John McLaughlin: West Coast Hard-Edge Abstraction Pt5

John McLaughlin came to painting relatively late in life and was self-taught.  While a few of his earliest paintings were still lives and landscapes, the remainder of McLaughlin’s work were abstracts. His work was characterized by simple and precise geometric forms, and from 1952 onwards, McLaughlin removed all curves from his work. A deep interest in Japan and Buddhist thought informed his strictly geometric paintings with what he termed “neutral structures.” 

“My purpose is to achieve the totally abstract. I want to communicate only to the extent that the painting will serve to induce or intensify the viewer’s natural desire for contemplation without benefit of a guiding principle. I must therefore free the viewer from the demands or special qualities imposed by the particular by omitting the image (object). This I manage by the use of neutral forms.” –John McLaughlin

‘Having privately studied painting in Japan while serving as an intelligence officer from 1940 to 1945, McLaughlin was immediately taken by the paradoxical simplicity of means found in Zen painting. Taking his influence from the scroll paintings of Sesshu Toyo (1420-1506)—a Rinzai priest who traveled from Japan to China where he studied Northern Song and Ming Dynasty paintings—McLaughlin sought an alternative to Western painting. Here he acculturated Sesshu’s use of the “marvelous void” as a fertile ground for making abstract classical painting.’ -Robert C. Morgan, John McLaughlin: Paintings 1947-1974, The Brooklyn Rail, April 3,2013

McLaughlin was included in Jules Langsner’s landmark exhibition “Four Abstract Classicists” at the San Francisco Museum of Art in 1959, along with his peers Karl Benjamin, Lorser Feitelson and Frederick Hammersley.  Langsner, who coined the term “hard-edge painting” in his catalogue essay from the show, also described Mclaughlin’s work:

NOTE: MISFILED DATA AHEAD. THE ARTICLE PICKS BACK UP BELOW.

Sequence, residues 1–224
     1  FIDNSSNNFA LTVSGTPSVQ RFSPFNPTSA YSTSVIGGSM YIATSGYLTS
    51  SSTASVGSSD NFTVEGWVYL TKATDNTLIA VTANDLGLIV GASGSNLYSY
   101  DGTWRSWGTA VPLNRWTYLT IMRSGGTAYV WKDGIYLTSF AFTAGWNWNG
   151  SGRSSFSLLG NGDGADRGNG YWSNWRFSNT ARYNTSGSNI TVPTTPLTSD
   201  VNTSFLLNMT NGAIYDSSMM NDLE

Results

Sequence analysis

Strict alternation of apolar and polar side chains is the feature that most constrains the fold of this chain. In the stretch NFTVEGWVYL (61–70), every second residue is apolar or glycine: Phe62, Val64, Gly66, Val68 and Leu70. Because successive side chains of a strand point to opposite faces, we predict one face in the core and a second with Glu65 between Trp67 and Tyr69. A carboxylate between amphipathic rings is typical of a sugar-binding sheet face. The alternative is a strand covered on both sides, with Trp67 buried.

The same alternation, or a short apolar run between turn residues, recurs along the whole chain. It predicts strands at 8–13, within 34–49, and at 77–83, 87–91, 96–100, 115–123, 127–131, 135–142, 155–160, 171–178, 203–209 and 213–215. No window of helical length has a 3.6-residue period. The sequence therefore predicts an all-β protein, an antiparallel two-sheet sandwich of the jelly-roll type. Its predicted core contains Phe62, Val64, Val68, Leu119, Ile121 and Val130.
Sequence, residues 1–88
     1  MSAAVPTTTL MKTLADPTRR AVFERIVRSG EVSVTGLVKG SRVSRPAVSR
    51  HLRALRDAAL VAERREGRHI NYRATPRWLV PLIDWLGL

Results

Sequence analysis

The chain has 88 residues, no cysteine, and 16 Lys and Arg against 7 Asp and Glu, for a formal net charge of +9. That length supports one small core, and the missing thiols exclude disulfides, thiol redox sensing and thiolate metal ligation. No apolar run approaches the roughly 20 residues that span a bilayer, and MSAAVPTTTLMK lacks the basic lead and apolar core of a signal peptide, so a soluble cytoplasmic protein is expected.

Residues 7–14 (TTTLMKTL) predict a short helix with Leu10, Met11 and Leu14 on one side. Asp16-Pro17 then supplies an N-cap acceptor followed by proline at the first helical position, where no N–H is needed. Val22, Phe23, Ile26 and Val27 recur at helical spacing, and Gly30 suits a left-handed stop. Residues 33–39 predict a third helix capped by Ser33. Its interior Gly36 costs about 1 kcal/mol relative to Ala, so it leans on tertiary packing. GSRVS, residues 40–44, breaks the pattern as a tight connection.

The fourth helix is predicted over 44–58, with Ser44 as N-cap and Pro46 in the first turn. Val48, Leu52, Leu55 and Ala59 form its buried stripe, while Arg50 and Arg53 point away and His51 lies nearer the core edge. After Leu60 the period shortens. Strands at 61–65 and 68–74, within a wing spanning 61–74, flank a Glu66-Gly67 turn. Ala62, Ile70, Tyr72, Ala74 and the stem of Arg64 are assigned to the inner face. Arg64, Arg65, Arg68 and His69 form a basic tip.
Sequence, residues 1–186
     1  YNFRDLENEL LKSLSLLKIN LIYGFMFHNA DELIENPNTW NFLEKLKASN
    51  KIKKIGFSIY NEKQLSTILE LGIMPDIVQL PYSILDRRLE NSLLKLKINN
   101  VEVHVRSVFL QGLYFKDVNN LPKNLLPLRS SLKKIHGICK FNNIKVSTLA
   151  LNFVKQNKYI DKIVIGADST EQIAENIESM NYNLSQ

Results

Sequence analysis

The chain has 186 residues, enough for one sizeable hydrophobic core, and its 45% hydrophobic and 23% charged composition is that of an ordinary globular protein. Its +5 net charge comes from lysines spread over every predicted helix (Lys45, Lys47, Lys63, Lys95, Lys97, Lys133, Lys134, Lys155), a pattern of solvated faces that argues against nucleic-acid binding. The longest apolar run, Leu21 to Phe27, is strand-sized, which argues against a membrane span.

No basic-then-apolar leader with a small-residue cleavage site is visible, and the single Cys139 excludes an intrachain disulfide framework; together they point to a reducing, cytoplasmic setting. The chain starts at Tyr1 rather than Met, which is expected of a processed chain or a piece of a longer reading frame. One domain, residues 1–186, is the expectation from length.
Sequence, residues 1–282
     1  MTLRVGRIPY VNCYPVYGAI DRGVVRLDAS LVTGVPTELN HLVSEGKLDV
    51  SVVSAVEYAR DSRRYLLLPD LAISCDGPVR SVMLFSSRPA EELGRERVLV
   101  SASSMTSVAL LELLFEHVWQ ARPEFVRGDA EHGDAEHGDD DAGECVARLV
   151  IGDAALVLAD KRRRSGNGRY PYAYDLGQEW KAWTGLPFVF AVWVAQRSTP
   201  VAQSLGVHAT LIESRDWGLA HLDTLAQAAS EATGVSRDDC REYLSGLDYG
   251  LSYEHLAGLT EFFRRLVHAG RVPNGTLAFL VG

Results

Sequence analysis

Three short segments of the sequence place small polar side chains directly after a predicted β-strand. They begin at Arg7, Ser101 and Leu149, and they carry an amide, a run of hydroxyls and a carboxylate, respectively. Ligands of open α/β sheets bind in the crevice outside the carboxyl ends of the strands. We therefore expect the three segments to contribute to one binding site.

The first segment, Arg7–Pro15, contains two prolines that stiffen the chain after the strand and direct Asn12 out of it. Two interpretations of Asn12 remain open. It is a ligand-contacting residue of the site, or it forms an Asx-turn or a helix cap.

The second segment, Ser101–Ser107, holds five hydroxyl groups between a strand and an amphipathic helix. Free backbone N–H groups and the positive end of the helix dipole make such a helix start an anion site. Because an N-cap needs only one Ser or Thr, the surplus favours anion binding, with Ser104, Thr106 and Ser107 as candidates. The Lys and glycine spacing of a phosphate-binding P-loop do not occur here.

“Deliberately neutral in character, John McLaughlin’s forms might be described as anonymous. Essentially color serves him as a means of defining and regulating a form’s relative importance in the composition. Each painting represents the outcome of a process of refinement.”

John McLaughlin has long been acknowledged as one of the most important artist of the post war period in Southern California.  His commitment to creating pure abstractions that are totally devoid of any connection to everyday experience established him as one of the foremost innovators of total abstraction and a pioneer mapping the terrain for generations of artists to come.

Sources:

  • Robert C. Morgan, John McLaughlin: Paintings 1947-1974, The Brooklyn Rail, April 3,2013
  • Galerie Thomas Zander, Artist Notes http://www.galeriezander.com/en/artist/john_mclaughlin/informationhttp://www.galeriezander.com/en/artist/john_mclaughlin/informationhttp://www.galeriezander.com/en/artist/john_mclaughlin/information
  • Wikipedia, John McLaughlin (artist), https://en.wikipedia.org/wiki/John_McLaughlin_(artist)
  • LACMA, John McLaughlin Paintings: Total Abstraction, http://www.lacma.org/art/exhibition/john-mclaughlin-paintings-total-abstraction
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